Islands' Arrivals Drop in January For the Third Consecutive Month

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HONOLULU -- Hawaii's arrivals declined for the third consecutive month in January.

Visitors totaled 545,300, a 4.8% drop compared with January of last year, according to the Hawaii Visitors and Convention Bureau.

"Our worst fears were realized in January when both key markets -- the mainland and Japan -- slumped at the same time," said Roberta Rinker-Ludloff, HVCB vice president, marketing.

"We've known all along," she added, "that that we must get momentum back into the lackluster mainland market.

"But the dramatic drop-off in arrivals from Japan is a wake-up call we can't afford to ignore."

Rinker-Ludloff noted that Japan has been the sole source of tourism growth since 1992.

In addition, she described a January drop in the average stay of eastbound visitors (from Asia and the Pacific, with the bulk from Japan) as of an "alarming magnitude."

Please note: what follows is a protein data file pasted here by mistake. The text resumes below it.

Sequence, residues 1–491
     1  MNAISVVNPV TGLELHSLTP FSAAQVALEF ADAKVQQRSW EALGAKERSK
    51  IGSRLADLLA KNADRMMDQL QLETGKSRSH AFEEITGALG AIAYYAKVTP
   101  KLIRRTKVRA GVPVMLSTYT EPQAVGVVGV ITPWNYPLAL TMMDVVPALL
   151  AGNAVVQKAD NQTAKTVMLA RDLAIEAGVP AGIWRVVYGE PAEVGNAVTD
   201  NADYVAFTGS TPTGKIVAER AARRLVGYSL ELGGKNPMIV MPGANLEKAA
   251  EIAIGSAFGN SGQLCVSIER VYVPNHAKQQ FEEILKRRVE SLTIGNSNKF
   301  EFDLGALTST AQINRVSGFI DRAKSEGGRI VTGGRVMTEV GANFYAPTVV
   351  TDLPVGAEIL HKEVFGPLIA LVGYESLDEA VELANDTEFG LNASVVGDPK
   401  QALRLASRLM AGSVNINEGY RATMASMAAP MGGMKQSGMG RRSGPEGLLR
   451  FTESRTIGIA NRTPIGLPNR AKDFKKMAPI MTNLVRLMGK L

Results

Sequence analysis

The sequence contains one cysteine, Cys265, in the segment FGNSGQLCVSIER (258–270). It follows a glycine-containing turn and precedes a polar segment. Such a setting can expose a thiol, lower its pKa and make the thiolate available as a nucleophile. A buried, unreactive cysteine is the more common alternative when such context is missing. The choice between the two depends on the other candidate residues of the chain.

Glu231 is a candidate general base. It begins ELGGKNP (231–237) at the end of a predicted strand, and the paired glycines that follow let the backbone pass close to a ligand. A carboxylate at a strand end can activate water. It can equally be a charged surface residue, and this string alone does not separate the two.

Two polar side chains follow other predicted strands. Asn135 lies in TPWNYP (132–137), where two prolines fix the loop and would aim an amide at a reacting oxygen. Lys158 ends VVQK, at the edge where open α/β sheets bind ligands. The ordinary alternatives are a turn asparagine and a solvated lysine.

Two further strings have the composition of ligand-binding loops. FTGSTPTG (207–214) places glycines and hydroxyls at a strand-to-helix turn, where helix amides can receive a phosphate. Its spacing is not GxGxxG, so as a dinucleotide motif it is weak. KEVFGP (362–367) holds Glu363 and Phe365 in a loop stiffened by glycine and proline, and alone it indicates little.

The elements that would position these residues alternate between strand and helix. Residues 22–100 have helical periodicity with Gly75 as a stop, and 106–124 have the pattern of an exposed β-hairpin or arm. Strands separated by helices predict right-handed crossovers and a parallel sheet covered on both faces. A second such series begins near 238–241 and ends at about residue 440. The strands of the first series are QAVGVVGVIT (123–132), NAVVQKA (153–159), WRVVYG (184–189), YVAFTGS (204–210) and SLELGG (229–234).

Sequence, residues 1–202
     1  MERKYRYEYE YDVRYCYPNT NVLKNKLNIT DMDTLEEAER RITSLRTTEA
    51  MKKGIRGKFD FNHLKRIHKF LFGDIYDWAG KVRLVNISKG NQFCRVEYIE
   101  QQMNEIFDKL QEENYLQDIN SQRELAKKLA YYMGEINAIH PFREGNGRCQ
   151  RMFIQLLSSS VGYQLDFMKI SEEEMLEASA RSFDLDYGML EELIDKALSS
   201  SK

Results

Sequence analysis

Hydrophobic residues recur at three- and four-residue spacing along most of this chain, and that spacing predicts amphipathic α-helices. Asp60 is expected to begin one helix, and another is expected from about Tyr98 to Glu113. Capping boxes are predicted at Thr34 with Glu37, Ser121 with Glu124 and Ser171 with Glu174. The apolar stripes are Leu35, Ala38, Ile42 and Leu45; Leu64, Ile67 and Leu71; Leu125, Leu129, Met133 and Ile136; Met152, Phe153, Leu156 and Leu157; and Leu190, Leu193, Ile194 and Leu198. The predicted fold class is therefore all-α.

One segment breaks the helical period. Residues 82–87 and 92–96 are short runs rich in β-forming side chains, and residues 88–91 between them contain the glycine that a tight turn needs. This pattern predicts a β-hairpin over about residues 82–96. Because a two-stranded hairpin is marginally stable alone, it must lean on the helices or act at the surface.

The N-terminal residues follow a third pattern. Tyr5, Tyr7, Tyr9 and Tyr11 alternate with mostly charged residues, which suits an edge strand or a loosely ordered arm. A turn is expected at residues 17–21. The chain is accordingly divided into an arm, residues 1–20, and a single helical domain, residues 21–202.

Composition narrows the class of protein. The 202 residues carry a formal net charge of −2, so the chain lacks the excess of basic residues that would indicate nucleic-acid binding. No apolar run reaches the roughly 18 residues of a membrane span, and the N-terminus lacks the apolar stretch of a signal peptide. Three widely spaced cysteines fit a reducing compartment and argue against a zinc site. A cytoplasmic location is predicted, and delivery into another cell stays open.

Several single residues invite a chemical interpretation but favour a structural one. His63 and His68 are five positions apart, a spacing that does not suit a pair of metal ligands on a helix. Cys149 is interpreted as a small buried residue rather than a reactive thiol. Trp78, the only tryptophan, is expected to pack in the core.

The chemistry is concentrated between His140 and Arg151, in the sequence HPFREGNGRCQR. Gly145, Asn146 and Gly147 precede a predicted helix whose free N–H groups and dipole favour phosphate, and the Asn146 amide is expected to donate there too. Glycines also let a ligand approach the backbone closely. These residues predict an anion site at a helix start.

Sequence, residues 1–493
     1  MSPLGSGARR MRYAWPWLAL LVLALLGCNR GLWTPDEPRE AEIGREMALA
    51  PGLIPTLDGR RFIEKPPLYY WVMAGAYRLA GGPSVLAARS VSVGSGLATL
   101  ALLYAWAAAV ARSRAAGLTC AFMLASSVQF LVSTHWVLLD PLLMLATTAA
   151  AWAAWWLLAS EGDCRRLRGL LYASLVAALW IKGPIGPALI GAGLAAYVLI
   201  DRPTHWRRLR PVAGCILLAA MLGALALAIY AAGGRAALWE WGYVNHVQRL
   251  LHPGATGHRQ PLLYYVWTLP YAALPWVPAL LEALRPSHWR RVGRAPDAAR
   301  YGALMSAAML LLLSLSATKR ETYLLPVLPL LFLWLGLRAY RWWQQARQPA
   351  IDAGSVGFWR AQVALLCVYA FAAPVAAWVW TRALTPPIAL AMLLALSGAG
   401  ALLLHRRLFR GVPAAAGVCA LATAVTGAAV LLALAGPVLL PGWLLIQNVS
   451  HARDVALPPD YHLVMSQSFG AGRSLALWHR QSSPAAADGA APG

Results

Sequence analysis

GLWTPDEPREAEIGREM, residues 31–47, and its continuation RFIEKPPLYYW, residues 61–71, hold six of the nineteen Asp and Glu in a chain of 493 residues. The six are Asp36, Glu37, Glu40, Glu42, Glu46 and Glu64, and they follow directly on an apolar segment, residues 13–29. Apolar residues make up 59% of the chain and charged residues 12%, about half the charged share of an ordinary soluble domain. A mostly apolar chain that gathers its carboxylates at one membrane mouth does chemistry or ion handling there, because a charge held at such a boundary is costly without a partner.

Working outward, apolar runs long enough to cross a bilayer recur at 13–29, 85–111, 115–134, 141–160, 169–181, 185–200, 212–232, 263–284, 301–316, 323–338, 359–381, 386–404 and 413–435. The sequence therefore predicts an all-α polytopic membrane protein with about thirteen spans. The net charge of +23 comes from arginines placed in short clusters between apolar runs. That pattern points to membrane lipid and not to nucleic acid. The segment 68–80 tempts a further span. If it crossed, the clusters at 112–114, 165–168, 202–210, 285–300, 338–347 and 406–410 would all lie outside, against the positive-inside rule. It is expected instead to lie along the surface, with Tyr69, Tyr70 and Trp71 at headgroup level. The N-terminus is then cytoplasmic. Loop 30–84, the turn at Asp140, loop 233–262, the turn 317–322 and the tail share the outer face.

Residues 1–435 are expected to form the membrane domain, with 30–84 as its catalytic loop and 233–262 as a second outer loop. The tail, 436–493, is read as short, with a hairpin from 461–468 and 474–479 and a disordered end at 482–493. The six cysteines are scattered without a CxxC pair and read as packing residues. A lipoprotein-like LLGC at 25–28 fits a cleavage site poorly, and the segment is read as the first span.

The average stay of westbound visitors dropped 3.2% in January, to 9.9 days.

However, the eastbound average stay plummeted 14%, from 6.5 to 5.6 days.

As a result, Hawaii's total visitor days declined 7.9% from January last year.

January's mainland visitors totaled 261,000, down 1.7% from the same month last year.

Among other westbound markets, those from Canada totaled 37,430, down 2.5%, and Europe, 12,640, down 0.2%.

Eastbound arrivals totaled 217,030, down 8%.

Of the individual major islands, Oahu and Maui showed January visitor declines.

Kauai and the Big Island had increases due almost entirely to eastbound growth.

Arrival figures were: Oahu, 386,770, down 9.7%; Kauai, 74,530, up 6.4%; Maui, 182,420, down 3.2%, and the Big Island, 107,370, up 16.4%.

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